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ATPM 7.08
August 2001





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Segments: Slices from the Macintosh Life

by Darcy Baston,

First, an elated thank you for ATPM! I’ve been looking for a great Mac-centric e-zine for a while now and am completely satisfied. I’ve used Amiga computers before and had always enjoyed Amiga Report, a now-defunct e-zine that had thousands and thousands of readers and contributors over all those years. It was an incredible experience. Presidents and CEOs got interviewed in it!

Anyway, what better way to honor and give thanks to an e-zine than to contribute to it. I’d like to give you my slice from the Macintosh life.

• • •

Watching A Bug’s Life on DVD (within 5 minutes of taking the iMac out of its box) was my step 3. To me, something so playful, an immediate personal preference honored, is the world of consumer delight. Never owning a Mac until the year 2000 allowed me plenty of time to discover computer-related frustration, disappointment, and…clock bloat. That’s my term for when getting from point A to B takes too long: clock bloat. (Insert Dali imagery here.) Imagine having this idea that you must sketch down, must throw unto a digital canvas or burn into a sticky note with passion. But your computer isn’t booted, you’re out of paper, and that dang Scandisk is at it again. Tick…tick…tick…clock bloat. That was my life before. Definitely not today. With instantly available sleep wake up, perfect gamma and synced color, and a monitor-edge saving sticky application, creativity can finally occur.

People still snicker and giggle while whispering to themselves, “He’s got a Macintosh.” As if a discovery, preference, and choice can’t be valid, probably isn’t researched, isn’t popular enough and just isn’t…real. This after 16 years of using most popular platforms and finally making a sound decision based on all that experience? How can that be? Bias, prejudice (pre-judge) and frequency of exposure can manipulate your opinions to the point that they are no longer yours. I am so very glad to announce that I am no longer subject to that conditioning. I have found original thought; I have begun to think differently.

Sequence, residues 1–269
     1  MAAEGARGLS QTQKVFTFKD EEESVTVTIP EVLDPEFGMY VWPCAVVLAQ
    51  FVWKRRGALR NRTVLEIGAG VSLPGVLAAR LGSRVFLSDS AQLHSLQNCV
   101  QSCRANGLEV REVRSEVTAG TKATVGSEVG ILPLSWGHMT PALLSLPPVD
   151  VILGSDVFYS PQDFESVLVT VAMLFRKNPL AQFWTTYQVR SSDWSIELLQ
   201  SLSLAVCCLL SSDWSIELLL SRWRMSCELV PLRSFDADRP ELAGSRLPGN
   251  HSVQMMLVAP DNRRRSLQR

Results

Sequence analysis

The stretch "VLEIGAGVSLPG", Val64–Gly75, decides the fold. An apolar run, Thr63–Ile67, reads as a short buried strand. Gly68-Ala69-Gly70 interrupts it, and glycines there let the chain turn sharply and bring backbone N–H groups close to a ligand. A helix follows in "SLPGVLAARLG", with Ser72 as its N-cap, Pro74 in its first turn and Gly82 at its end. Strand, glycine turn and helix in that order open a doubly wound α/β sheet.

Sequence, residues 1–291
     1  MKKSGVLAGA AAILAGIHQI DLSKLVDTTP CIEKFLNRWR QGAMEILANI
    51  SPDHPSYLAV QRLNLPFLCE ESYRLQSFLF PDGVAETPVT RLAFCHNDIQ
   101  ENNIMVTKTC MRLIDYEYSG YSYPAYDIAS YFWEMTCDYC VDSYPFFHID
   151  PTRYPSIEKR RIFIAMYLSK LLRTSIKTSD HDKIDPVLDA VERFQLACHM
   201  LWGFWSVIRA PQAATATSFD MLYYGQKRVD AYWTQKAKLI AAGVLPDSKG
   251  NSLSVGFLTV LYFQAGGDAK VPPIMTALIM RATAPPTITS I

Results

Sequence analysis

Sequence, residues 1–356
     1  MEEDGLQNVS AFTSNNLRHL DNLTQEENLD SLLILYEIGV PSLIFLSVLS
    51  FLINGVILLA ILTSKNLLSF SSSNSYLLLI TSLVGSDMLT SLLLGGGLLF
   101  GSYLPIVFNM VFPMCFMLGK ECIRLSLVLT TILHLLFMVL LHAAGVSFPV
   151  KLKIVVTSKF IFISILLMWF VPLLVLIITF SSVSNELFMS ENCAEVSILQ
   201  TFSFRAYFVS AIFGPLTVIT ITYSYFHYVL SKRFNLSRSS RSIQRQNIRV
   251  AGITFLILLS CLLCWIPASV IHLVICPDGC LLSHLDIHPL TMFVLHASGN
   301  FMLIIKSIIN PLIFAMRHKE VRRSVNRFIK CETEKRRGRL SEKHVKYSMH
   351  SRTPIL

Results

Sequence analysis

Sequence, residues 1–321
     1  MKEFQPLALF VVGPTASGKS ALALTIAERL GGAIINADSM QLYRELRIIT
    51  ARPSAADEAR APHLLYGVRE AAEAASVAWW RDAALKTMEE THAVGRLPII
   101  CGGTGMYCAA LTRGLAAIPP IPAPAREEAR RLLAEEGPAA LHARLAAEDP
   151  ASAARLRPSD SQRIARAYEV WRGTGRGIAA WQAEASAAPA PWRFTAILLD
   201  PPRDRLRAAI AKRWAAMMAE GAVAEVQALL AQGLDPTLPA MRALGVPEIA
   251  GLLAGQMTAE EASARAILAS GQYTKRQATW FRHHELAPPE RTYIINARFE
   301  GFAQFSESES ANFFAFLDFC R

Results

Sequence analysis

I used to delight in my geeky prowess at servicing Microsoft OS-driven IBM and clone platforms. Recognizing how intelligent I must be to know all these commands, all these solutions to the multitude of problems people always had with their machines. In my hunger to conquer this ugly beast and reign supreme in my strength and wisdom, I had forgotten to ask, “Why?” Why is it this way? Does it really have to be so hard? Does it really have to be so ugly and corporate all the time? Couldn’t I be creating something new instead of fixing something old? Apple had already realized this before the 1980s. I’m such a late bloomer!

Being so immensely techno-savvy to create a reliable computer system and service it before any creation occurred got terribly boring. How did equating words like “blue screen of death” with a person’s work experience or home life become acceptable? This on the most invasive form of technology in our lives? I wanted to be the one who took the already useful digital tool and got busy! I also wanted to have fun. I didn’t want work to feel like work, because from a psychological point of view, you know where I’m going. That’s what the Mac is to me.

I love the user experience of a Macintosh. And with OS X, that is guaranteed to continue, albeit a little differently. It’s human, fluid, and even organic. You move to stand in place to open that door, or get your warm toast and so do your icons slide to stand over an awaiting application or alias. You sometimes close a door behind you when you enter a room, so do folder windows with the Option key. It just makes sense.

I was afraid to buy a Mac. I was just as biased as the next Wintel user who knew nothing else. But I also knew that there was a community and an inherent support group. I had been reading articles and message posts on MacFixIt for almost a year before I decided to sell the IBM and get a Mac. (Yup. A real IBM, I’m not confusing the term.) But when I booted the iMac up for the first time, all the darn thing required of me was to say hello, give my name, and start watching a movie? That’s what it was supposed to be. I don’t know where the digital money makers got the idea that making money had to be dull, square, beige, and materialistically void of emotional involvement. To me, that’s a lie. A complete denial of who we are. Fortunately, Apple recognized this and made such a tool. Friendly, flexible tools contribute to aspiring friendly and creative people. (There are plenty of exceptions of course.)

Now, I know it’s a machine. But creation is emotional, and unless you lay down that emotional pavement before you drive, get ready to sit in Park. When’s the last time these became part of free flowing creation: a full screen display asking you for an OEM number found somewhere on some book you slid under the couch, or the screen that for the last 30 minutes has reminded you that your task was going to take 30 minutes? Getting from point A to point B doesn’t have to take 30 minutes if those 2 points are in the same spot.

There’s no extra ‘point,’ there’s no catch, and there’s no step 3. You’re already there. That’s a Mac.

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